Eliminate Marine Debris
Whether it is a desire for a clean beach for residents, or an attractive coastline for our visitors, or a sincere interest in acting locally to have a positive impact on global ocean health, our CLEAN program exists to educate, inspire and empower the community to solve the problem of marine debris through our program to eliminate marine debris from the shoreline, improve habitat and promote environmental stewardship. This is a comprehensive approach that combines marine debris removal with prevention through education and engagement.
Overview of active efforts
Core cleanups – Nine months a year on a set schedule we host cleanups for anyone in the community to take action and be part of the effort to eliminate marine debris. These events occur from Labor Day to Memorial day twice per month on Saturday from 12 p.m. to 2 p.m. Registration is required, locations vary, and complete details including sign-up can be found on our volunteer page.
AFTER5 cleanups – Three months a year on a set schedule we host cleanups for anyone in the community to take action and be part of the effort to eliminate marine debris. These events occur in the summer every week on Tuesday at Mackerel Cove, Jamestown at 5 p.m. and Wednesday at 6 p.m. at Surfer’s End of Second Beach, Middletown. Registration is required, and complete details including sign-up can be found on our volunteer page.
Flexible cleanups – A fun, easy and impactful way to take action, get outside, and promote environmental stewardship is for an individual (or family) to adopt a small section of coastline, watershed or neighborhood, and perform a cleanup on a flexible schedule. This program started at Sachuest Point National Wildlife Refuge in Middletown in 2014. We provide you with all the supplies, you take action once a month and report the results, and the effort is integrated into our overall program results. To get involved, please visit our community scientist page.
Partner cleanups – A fun, easy and impactful way to take action, get outside, and promote environmental stewardship is for a group (neighborhood group, business, etc.) to adopt a small section of coastline, watershed or neighborhood, and perform a cleanup on a flexible schedule. This program requires a point of contact to lead the monthly cleanup, and essentially run the event as if it were a COA core cleanup. We provide you with all the supplies, you take action once a month and report the results, and the effort is integrated into our overall program results. To get involved, please visit our community scientist page.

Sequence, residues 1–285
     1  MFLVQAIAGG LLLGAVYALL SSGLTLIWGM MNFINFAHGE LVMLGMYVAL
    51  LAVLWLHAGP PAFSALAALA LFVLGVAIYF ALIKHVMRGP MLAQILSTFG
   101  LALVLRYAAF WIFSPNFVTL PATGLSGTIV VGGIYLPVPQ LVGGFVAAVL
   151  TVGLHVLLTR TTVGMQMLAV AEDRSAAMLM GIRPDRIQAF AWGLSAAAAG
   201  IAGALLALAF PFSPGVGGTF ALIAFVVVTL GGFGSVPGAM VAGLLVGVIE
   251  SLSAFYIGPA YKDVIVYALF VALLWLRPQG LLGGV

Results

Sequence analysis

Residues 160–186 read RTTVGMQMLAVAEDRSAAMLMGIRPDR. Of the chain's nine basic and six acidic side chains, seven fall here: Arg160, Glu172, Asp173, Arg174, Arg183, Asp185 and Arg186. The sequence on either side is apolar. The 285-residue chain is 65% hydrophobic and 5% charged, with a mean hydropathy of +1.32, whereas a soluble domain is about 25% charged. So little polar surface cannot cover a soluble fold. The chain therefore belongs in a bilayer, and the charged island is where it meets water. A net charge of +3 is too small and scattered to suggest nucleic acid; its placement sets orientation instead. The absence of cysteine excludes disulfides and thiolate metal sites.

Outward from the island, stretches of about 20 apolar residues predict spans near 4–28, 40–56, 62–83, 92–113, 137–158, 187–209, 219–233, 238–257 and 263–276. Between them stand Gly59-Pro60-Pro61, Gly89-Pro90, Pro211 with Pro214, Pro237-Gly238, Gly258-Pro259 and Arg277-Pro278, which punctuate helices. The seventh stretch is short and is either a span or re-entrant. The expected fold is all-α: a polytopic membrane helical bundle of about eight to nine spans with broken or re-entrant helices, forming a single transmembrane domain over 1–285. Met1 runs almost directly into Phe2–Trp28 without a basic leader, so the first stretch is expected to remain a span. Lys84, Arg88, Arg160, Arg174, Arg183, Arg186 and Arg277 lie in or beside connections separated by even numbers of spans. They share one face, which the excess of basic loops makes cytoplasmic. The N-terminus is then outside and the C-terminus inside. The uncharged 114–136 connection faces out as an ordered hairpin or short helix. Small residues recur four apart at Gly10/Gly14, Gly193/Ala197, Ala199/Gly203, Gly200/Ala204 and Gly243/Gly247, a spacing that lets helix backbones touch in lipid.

Education and Outreach – Our education and outreach activities are aligned with our community scientist efforts so that a hands-on student-led experience can have the greatest chance of fostering environmentally responsible behaviors and promoting stewardship in our community via action. For complete information about education and outreach opportunities, please visit our education page.
Analytics and Reporting – Data becomes information and information becomes knowledge that informs our decision making to eliminate marine debris. With over fourteen years of shoreline cleanups we have amassed an incredible data set that empowers our organization. All of our data is available for the public and our annual Clean report can be found on our reports page.
Advocacy – Our main goal is to bring about systemic change is to connect the community with the environment, educating, inspiring, and empowering to foster environmentally responsible behaviors. However, some forms of marine debris problems require advocacy and policy. From our first efforts to prohibit smoking on Aquidneck Island in 2015 to creating over a dozen local ordinances in Rhode Island from 2017 to 2019 to eliminate single-use plastics bags, we recognize the importance of well-crafted advocacy efforts to achieve the goal to eliminate marine debris. In 2020 the statewide plastic bag bill is a priority for our grassroots advocacy efforts and earlier this year we have testified at the Senate and House hearing. The actual bills are here Senate Bill # 2003 and House Bill #7306. Our letters to each committee are here House Letter and Senate Letter. The Senate moved forward with their version of the bill and it was approved which is great news. To read some news coverage, check out these articles from the Providence Journal and ECORI. What remains for the statewide plastic bag bill is the House version of the Bill, which is more stringent (a good thing) however it is unlikely the Senate will adjust their version. The next step is for the House committee to re-introduce the bill into committee and hopefully make changes to align it to be equal to that of the Senate. If that were to happen, the next step would be for the full house to vote on it. Presuming it passes, then both bills would be with the Governor for signing into law.
Map of activities
Frequently asked questions
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Since our first beach cleanup in September 2006 to the end of 2019 the community has accomplished these incredible results to eliminate marine debris.
Number of cleanups performed
Pounds of debris removed
Hours of volunteer service
Get involved, volunteer, and become a community scientist
There are many ways to get involved with our efforts to eliminate marine debris, along with our other programs and project. Please visit our community scientist page.
Thank you to our Clean program sponsors
Our CLEAN program is made possible because of the generous support of the community and our Clean program business sponsors. Thank you for believing in our mission.